Responding to Lodsys' lawsuits against iOS developers for allegedly infringing a patent on in-app purchases, Apple has filed a motion to intervene on the legal proceedings.
In the motion, Apple argues that the app developers are "individuals or small entities with far fewer resources than Apple and [...] lack the technical information, ability, and incentive to adequately protect Apple's rights under its license agreement."
Intellectual property activist Florian Mueller, who posted the filed documents
, notes that Lodsys can oppose Apple's motion but is optimistic that the courts will grant the request, especially due to there being a precedent in comparable cases.
"While I don't have any confirmation from anyone that Apple has agreed to cover those defendants' costs and potential risks, it's hard to imagine how else this could work," comments Mueller, speculating on
Apple's intent with the motion.
Texas-based Lodsys began sending out legal threats to iOS developers last month, accusing them of violating US Patent #7222078 for their use of in-app upgrades in their software -- a patent it purchased from inventor Dan Abelow in 2004.
The company demanded the developers purchase licenses for the patents or face legal action, but Apple responded by demanding
Lodsys to cease and desist from threatening its partners, claiming that developers were not infringing on the patent.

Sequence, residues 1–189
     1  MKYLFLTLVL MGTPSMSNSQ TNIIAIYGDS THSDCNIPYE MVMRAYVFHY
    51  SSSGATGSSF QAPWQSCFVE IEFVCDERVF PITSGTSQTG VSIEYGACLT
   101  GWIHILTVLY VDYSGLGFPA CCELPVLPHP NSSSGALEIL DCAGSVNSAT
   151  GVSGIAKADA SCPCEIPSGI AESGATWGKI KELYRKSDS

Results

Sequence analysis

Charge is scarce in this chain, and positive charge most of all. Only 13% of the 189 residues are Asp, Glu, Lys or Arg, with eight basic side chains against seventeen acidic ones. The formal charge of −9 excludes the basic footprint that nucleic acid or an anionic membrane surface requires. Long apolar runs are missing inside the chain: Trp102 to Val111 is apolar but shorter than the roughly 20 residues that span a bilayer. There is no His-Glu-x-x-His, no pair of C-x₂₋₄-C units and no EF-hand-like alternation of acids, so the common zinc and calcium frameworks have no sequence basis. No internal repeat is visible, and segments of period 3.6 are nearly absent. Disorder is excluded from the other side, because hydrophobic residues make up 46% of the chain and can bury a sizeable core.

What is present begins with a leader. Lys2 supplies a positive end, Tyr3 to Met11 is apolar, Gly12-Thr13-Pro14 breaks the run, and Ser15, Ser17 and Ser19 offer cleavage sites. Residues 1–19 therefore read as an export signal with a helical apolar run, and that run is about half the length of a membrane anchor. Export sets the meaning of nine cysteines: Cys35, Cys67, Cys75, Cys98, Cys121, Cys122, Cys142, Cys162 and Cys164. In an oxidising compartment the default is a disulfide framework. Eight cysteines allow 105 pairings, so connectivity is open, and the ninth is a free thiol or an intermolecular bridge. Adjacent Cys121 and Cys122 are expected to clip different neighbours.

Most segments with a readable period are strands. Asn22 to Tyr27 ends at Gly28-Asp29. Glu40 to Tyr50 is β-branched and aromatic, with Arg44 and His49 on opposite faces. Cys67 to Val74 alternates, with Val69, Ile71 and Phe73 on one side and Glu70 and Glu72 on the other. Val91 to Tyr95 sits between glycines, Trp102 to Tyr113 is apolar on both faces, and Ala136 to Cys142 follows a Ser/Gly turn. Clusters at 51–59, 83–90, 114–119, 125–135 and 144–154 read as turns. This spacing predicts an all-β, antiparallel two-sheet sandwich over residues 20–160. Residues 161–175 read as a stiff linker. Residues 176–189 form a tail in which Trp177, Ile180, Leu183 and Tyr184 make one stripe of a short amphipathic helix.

"Because Apple is licensed under Lodsys’ patents to offer such technology to its App Makers, the App Makers are entitled to use this technology free from any infringement claims by Lodsys," argued the iPhone/iPad maker.
The iOS developers being sued include Combay (Mega Poker Online
), Iconfactory (Twitterific) Illusion Labs (Labyrinth
), Michael G. Karr (69 Positions), Quickoffice (Quickoffice Connect), Richard Shinderman (Hearts and Daggers
), and Wulven Games (Shadow Era
This development follows shortly after online customer satisfaction survey firm ForeSee Results filed a request for declaratory judgment against Lodsys after the company sent infringement claim letters to ForeSee's clients.
ForeSee, whose customers include major firms like Adidas and Best Buy, is seeking a declaration that Lodsys patent claims are invalid, as well as a permanent restraining order to stop Lodsys from harassing its clients, according to a report